20th June 2016

Why Gordon Brown’s speeches are the most interesting in the EU debate

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Polling day for the referendum on the UK’s membership of the European Union is in sight. In just a few days we will know the outcome and whether the UK is set to remain a member or begin negotiations to leave. Campaigning is stepping up in the final week, having seen street stalls, canvassing, demonstrations and even a bizarre face-off between Nigel Farage and Bob Geldof from flotillas on the Thames. Supplementing this, all sorts of high profile figures, past and present, from Tony Blair and John Major, to Nigel Farage and Jeremy Corbyn, all making set-piece speeches, having their say on what destiny the UK should take.

One of the more interesting interventions in the debate has been from former Prime Minister, Gordon Brown. The Labour heavyweight is currently on a UK tour, speaking to primarily Labour voters to encourage them to vote to remain. With Labour voters said to hold the key to whether the UK stays or leaves, his intervention could be hugely important and influential.

One thing Mr Brown has been able to cultivate since leaving office is widespread esteem. He has only made large, set piece speeches on rare occasions – when he has something genuine to contribute, rather than something to say. His speeches also look to take lessons from the past, and apply them in situations today – showing he is presenting a well-researched, structured argument rather than a personal warning or attack. Mr Brown’s activities since leaving office, becoming an unpaid Special Education Envoy for the United Nations, and donating all his external earnings to charity, also suggests a man who is not seeking limelight, attention, or a last payday.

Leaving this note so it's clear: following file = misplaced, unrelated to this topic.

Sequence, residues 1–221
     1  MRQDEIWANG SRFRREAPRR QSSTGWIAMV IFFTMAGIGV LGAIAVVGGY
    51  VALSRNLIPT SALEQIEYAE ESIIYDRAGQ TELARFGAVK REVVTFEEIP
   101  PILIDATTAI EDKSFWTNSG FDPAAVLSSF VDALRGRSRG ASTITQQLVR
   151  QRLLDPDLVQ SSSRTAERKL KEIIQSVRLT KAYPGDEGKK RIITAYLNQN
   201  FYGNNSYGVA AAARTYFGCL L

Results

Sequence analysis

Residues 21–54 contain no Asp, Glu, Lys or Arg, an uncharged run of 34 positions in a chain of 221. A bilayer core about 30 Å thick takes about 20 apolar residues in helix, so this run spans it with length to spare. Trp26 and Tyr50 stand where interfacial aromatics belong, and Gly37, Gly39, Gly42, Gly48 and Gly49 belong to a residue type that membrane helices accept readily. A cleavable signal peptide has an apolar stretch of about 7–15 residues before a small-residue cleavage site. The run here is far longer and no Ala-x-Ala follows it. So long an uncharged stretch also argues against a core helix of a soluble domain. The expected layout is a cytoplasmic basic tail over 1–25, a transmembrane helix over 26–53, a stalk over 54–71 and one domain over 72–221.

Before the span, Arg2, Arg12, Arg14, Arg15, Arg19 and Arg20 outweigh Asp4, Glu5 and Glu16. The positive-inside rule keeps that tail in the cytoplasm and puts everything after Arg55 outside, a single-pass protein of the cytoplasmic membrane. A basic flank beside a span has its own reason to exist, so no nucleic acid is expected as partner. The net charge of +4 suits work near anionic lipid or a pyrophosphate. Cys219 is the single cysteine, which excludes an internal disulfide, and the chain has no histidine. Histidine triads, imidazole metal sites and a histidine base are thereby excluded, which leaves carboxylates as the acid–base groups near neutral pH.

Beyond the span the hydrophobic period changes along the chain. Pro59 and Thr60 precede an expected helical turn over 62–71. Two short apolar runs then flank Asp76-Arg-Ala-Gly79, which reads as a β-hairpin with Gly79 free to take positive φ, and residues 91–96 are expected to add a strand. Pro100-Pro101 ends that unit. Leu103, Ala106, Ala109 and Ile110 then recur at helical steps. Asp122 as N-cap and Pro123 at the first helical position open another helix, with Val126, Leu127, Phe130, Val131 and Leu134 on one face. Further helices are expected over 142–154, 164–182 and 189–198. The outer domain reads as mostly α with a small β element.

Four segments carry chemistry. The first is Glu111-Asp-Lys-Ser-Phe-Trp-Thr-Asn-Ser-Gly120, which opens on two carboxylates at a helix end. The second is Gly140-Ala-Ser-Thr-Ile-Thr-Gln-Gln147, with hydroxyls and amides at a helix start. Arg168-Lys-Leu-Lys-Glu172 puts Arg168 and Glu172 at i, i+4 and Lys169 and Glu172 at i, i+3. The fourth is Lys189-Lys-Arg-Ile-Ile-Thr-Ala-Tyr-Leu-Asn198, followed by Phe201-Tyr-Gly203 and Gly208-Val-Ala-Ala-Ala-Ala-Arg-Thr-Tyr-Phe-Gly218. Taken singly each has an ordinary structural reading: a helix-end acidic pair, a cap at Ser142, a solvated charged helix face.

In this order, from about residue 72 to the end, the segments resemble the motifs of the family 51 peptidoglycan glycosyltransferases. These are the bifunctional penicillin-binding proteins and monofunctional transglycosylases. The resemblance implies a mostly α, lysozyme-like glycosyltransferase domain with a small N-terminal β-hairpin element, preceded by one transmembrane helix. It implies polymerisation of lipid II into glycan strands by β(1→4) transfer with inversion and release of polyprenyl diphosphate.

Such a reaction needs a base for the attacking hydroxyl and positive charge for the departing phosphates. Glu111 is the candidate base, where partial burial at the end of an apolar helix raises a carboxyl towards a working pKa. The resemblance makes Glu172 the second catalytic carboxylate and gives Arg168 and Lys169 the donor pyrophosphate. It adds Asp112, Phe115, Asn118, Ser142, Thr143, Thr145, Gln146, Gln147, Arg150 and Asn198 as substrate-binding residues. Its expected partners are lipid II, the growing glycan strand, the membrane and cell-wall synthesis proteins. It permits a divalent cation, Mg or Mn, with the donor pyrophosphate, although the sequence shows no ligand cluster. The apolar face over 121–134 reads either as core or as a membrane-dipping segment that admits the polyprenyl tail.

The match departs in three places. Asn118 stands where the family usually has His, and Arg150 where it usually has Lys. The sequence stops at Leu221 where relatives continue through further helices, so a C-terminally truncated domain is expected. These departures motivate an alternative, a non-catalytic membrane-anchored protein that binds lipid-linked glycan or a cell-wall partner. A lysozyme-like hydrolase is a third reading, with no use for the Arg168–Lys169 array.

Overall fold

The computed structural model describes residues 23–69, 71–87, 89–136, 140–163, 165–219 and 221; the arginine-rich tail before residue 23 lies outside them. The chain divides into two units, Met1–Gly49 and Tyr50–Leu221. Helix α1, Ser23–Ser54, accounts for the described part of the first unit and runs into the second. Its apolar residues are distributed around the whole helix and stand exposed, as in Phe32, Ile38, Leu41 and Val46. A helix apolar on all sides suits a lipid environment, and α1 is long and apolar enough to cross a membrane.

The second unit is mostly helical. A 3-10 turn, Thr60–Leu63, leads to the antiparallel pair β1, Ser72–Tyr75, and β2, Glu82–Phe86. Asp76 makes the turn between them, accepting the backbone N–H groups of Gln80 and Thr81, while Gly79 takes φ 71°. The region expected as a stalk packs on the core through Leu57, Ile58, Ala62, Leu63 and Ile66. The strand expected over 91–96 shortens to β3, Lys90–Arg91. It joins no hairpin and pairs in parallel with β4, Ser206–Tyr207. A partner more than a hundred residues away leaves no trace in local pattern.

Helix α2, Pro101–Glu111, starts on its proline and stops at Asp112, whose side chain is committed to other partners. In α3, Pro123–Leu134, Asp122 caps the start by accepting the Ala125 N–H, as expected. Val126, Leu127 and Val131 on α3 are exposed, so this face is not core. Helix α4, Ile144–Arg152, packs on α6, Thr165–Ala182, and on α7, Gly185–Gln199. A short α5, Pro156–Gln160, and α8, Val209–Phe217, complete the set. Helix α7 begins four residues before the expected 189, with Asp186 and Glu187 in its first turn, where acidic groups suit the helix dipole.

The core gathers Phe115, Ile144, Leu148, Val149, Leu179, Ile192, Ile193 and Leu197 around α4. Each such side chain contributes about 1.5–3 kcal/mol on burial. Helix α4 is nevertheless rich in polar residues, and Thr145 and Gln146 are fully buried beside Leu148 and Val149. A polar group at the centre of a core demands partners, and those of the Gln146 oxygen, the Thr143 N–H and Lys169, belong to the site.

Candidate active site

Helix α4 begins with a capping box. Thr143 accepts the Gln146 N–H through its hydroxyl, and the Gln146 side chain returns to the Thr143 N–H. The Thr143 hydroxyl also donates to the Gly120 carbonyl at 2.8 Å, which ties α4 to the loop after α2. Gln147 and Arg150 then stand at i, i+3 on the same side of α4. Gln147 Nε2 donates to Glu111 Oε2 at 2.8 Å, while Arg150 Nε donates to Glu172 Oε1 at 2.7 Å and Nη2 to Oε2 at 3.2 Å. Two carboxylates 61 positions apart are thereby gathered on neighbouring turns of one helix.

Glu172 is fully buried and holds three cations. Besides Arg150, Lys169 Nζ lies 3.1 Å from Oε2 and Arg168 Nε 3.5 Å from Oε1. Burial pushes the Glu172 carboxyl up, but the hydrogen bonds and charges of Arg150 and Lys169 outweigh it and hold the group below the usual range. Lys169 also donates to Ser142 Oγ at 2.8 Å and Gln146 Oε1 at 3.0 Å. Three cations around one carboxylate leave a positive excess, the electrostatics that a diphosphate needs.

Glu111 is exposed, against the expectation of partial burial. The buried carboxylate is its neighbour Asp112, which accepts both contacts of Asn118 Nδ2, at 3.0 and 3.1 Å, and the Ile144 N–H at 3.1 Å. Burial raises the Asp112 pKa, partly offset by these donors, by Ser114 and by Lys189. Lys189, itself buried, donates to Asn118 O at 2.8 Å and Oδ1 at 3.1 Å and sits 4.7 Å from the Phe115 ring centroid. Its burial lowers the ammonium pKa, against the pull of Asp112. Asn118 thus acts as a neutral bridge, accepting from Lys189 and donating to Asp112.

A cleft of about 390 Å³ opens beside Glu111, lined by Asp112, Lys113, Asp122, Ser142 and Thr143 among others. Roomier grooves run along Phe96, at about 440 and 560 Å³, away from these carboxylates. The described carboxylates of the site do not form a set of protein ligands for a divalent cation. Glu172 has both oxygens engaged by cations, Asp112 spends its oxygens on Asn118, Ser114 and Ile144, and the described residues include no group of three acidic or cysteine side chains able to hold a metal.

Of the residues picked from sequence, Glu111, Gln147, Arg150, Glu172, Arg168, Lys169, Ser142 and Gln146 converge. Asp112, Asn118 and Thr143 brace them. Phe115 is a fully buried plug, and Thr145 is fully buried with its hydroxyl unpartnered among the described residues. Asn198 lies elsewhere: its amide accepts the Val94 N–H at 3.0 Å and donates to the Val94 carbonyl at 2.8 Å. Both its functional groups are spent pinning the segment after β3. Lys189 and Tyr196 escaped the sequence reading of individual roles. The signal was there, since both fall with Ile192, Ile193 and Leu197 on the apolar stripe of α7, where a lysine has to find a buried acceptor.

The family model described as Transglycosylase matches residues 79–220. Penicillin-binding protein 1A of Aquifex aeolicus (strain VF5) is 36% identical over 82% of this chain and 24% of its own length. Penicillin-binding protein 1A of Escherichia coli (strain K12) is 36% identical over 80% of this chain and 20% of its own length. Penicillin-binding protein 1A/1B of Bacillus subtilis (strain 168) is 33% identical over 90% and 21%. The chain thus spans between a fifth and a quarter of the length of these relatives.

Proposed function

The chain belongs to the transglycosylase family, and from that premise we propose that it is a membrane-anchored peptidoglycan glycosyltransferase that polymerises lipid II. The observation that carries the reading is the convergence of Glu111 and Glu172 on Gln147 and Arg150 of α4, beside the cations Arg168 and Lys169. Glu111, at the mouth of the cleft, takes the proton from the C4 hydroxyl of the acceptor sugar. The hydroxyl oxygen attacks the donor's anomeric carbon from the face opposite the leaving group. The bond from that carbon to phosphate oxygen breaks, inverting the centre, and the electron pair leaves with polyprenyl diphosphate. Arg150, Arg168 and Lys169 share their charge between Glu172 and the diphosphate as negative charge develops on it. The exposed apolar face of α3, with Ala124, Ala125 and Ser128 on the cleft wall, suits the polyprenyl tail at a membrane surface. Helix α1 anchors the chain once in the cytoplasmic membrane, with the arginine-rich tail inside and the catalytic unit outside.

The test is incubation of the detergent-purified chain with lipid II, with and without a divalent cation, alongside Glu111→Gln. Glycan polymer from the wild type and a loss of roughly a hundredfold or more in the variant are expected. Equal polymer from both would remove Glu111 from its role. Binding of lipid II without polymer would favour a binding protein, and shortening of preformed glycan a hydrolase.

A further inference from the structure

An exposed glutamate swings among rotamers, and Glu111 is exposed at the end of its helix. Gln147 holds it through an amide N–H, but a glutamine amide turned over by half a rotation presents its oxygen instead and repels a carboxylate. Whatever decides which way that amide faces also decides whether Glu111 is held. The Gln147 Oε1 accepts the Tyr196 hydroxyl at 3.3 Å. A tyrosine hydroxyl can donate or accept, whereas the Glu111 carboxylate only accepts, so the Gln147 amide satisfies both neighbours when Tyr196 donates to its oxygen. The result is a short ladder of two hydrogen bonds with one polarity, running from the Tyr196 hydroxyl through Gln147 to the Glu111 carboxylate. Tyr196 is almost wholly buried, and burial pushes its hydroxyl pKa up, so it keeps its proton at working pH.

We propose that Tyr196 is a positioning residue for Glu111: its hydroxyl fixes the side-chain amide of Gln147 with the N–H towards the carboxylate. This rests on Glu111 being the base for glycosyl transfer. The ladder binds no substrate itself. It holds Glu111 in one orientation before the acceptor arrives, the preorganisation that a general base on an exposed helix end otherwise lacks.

Mr Brown also has form in affecting high profile elections. During the 2014 Scottish Independence Referendum, his barnstorming speeches (pretty much the only thing you ever see this adjective used to describe) encouraging Scotland to remain part of the UK are often cited as being a key influence during the victory for Better Together – whose campaign was said to be running flat before giving Mr Brown a more prominent role. Those speeches, a redacted version of his book My Scotland, Our Britain, recognised that the relationship between Scotland and the rest of the UK was positive, but could be improved, and suggested ways in which it could be. His words formed the basis for ‘The Vow’ which committed to greater levels of devolved powers to the Scottish Parliament on the event of Scotland remaining a part of the UK.

In the same vein is Gordon Brown’s latest book, Britain Leading, Not Leaving, which not only sets out a more patriotic case for remaining in the EU, but also recognises ways the EU can be improved. Brown argues that the UK’s chairing of the European Commission in 2017 offers an opportunity to deliver this reform.

Whether Brown’s arguments can be delivered is a different question; it is Brown’s approach that is most interesting. Unlike the Leave and Remain campaigns, which tend to either accept or reject the EU regardless if the consequences, Brown puts forward a positive case for the EU, while recognising it has flaws. This ‘halfway house’ approach has echoes of the political policymaking approach of triangulation.

Triangulation, in short, is taking a stance on an issue that is roughly equidistant between both of your opponents, and delivering the message in a way that makes both of your opponents appear extreme. While opponents to the process claim it allows your opponents to dictate your position for you, New Labour took advantage of this approach successfully during the late 90’s and early 00’s.

Putting this approach in action, Brown’s position clearly recognises that the EU is not perfect; however, instead of calling to leave the EU, he offers a roadmap to reform it. He also rejects the outright ‘land of milk and honey’ approach to the in campaign, placing his position between both the official in and out campaigns – a triangulated position.

Whether Brown’s approach will be successful in convincing key voters to vote remain is yet to be seen, but Mr Brown undoubtedly holds sway among the Labour Party and, in particular, its voters. The former Prime Minister’s position of recognising flaws but offering a route to reform could make some of the key Labour voters considering voting Leave to think again. Whether we see enough decide to Remain on June 23rd, or if the former Prime Minister’s speeches fail to replicate those on the Scottish Referendum, are yet to be seen. Fortunately, we will find out in just a few days.

By James Flynn, B2B Account Executive